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If they are 'black nylon covered' or similar tapewound then the scientific answer is yes (don't ask, I spent 3 years researching such stuff). The pragmatic answer is how long do you want them to last? My Roto Tru Bass strings on my Eko acoustic bass are the originals and are still good to go. I bought the bass in 1979? so 34 yrs old or so without use of freezer. Seems fair value for money.

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I just searched for this topic. I'm planning to buy several sets of guitar strings but I know that the tropical climate in which I live will have destroyed them before I use them all. The tropical moisture seems to find its way into every sealed container.

Someone commented that the freezer is a very wet place. It is not. All air-born moisture has turned to frost. It is the driest place available that I can think of. My enquiry was more to see if years of cold temperature could damage the strings. I don't think so, as low temperatures are going to slow down any chemical reaction also.

I didn't find a clear answer to my inquiry here.

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It's not the temp, if you can live there. You want to keep them dry, put your strings to a plastic bag and seal it. Some silica gel dries the extra moisture.

By the way, how many sets and what is your changing interval? Depending on the amount of playing I change strings 1 - 4 times / year / bass.

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On 04/12/2020 at 20:12, Tim "King Conga" said:

didn't find a clear answer to my inquiry here.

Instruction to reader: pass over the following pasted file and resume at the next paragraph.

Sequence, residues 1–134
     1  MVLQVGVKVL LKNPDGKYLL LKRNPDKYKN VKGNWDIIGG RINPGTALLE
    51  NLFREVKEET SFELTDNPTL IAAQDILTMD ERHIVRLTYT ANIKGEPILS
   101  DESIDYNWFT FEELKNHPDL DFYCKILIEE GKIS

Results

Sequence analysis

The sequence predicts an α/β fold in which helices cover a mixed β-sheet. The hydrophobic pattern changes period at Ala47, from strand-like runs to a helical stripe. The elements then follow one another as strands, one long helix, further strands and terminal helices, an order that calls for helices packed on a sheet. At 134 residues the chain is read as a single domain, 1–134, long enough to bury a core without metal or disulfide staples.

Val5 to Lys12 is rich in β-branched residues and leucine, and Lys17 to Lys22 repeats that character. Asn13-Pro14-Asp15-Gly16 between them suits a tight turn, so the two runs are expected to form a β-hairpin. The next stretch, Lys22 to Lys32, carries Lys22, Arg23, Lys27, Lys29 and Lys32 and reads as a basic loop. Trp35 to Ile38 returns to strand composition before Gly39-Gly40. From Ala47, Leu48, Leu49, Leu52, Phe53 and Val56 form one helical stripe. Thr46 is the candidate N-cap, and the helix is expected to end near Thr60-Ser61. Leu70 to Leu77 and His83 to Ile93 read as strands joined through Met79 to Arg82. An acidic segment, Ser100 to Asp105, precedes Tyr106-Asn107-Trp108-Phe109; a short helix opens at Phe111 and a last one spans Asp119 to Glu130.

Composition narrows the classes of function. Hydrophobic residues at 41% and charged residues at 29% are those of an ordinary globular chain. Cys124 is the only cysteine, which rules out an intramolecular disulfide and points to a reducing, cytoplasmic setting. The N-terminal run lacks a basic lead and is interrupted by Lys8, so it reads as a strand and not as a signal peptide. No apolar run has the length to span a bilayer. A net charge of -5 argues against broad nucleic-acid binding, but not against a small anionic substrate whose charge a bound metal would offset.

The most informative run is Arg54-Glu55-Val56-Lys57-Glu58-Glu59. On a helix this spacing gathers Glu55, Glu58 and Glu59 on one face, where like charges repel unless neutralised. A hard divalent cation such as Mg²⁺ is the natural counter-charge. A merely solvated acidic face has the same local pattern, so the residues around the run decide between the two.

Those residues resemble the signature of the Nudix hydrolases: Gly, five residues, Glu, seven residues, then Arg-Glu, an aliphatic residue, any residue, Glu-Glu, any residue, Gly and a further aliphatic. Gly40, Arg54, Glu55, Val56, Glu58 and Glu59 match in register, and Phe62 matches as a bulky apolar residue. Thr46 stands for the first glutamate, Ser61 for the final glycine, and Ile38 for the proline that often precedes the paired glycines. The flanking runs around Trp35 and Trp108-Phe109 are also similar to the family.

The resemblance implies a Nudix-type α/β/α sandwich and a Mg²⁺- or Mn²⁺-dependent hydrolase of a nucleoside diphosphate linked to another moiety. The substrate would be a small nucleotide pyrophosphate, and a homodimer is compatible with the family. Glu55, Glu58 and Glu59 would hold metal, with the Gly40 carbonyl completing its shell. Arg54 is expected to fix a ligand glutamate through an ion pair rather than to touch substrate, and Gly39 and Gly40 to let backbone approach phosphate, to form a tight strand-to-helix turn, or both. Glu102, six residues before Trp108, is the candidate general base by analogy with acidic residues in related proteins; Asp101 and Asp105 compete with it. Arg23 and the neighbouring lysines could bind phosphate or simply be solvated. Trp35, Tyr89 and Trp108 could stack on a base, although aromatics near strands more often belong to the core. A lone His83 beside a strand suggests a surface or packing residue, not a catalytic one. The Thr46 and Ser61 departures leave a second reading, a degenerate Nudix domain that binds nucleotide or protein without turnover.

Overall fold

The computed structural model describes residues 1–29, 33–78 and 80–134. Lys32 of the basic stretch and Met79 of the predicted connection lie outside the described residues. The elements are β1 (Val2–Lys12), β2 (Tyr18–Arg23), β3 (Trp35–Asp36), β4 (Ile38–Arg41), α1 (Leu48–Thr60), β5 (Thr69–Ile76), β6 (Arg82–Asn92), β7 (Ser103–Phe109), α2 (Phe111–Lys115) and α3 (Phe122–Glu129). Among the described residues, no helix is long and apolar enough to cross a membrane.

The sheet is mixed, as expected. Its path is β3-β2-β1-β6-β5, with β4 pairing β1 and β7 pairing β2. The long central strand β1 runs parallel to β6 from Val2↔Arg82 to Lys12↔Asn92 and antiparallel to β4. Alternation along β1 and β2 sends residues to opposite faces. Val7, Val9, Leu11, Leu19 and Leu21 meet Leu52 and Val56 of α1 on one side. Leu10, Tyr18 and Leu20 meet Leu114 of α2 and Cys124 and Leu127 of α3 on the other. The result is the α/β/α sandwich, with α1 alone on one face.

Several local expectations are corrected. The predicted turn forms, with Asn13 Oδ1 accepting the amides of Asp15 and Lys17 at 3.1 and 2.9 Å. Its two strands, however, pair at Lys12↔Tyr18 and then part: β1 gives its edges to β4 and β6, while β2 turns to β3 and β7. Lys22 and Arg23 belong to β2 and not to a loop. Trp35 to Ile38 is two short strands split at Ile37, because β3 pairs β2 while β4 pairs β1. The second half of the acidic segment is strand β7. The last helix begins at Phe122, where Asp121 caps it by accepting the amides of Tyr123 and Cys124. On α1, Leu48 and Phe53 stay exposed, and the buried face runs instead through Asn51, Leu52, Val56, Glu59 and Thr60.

Just 20-odd posts saying 'no, don't'. 

 

Your reasoning seems flawed. The cold may contract the windings enough for frost to settle in between and even reach the core. Once out of the fridge the aging process will most likely be accelerated if the string hasn't gone brittle already.

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I doubt the cold will affect the structure of all metal strings,  even with bronze on steel the differential expansion effect will be negligible compared to coiling and uncoiling a string.

If you had aluminium alloy strings, then potentially there could be an effect, especially if recently heat treated.

For sensible string metals, no effects happening at those temperatures.

HOWEVER...

Temperature cycling does 'age' metals causing internal tensions to dissipate, which might accelerate the ageing process. So continually putting your strings in and out of the fridge might be bad.

SO MAKE YOU MIND UP!

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What about 'treating' them in the microwave - having removed them from the packet first, obvz?

Asking for a friend :ph34r:

Edited by Teebs

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Dishwasher does a better job than the old boiling up with Persil to restore old strings.

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I have no idea about the science behind this but it brought to mind the Dean Markley Blue Steel strings. Their advertising blurb says they are "Cryogenically frozen with a blast of liquid nitrogen". Not sure what, if any, difference it makes.

I used them for a while in the early 90s then sort of forgot about them.